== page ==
“Times have changed so,” said a wistful Peek, the Shower of Stars devotee. “In those days, you could go to a concert and there was only one back door. The bands would come in cars — just plain old cars — and they’d get their guitars out and walk past you. It’s not like now, where they have secret tunnels and drive right into the auditorium.”
Brennan, who understands the pull of nostalgia, says he’s heard similar sentiments from many Birmingham folks who came of age at the Shower of Stars. His concert series rocked their worlds and shaped their music tastes, in tandem with WVOK. In Brennan’s view, that’s a satisfying legacy.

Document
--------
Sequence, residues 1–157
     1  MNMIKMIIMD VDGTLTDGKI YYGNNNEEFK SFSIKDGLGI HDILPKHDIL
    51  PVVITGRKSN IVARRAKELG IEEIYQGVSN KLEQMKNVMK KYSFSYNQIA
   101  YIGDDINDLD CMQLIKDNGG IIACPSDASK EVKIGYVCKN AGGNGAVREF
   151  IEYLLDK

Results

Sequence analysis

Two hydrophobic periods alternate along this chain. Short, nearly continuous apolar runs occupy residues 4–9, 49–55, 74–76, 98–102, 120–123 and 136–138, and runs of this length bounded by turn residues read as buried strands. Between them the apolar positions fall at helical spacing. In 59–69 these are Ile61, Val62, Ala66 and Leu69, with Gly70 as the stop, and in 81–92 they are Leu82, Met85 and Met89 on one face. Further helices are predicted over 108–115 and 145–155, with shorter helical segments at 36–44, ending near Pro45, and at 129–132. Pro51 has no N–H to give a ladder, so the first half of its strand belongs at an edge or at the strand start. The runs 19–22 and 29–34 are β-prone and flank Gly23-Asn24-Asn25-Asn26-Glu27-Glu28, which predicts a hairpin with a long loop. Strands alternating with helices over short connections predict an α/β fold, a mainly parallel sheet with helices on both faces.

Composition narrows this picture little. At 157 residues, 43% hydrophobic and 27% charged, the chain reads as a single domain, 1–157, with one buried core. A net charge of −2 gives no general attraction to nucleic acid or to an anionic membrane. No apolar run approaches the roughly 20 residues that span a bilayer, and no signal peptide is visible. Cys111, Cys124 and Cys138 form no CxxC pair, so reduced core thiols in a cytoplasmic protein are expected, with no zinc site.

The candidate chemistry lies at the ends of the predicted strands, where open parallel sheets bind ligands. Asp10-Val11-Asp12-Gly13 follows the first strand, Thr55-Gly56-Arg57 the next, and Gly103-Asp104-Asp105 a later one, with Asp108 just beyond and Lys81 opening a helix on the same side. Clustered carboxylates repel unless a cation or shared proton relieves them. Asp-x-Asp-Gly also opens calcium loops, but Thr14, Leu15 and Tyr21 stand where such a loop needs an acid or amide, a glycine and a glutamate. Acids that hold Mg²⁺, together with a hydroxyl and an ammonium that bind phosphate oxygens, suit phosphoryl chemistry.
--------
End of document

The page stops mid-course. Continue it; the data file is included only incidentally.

“I don’t have any regrets,” he says. “What’s that Frank Sinatra song? ‘I did it my way.'”
- ^ WVOK-AM (wvok-memories.tripod.com)
- ^ Beatles at the Gator Bowl (jacksonville.com)
- ^ Hurricane Dora (www.jaxhistory.org)
- ^ “Eight Days a Week — The Touring Years.” (thebeatleseightdaysaweek.com)
- ^ the family’s radio stations (brennanbenns.wordpress.com)
- ^ A devoted fan looks back at the Shower of Stars concerts in Birmingham (www.al.com)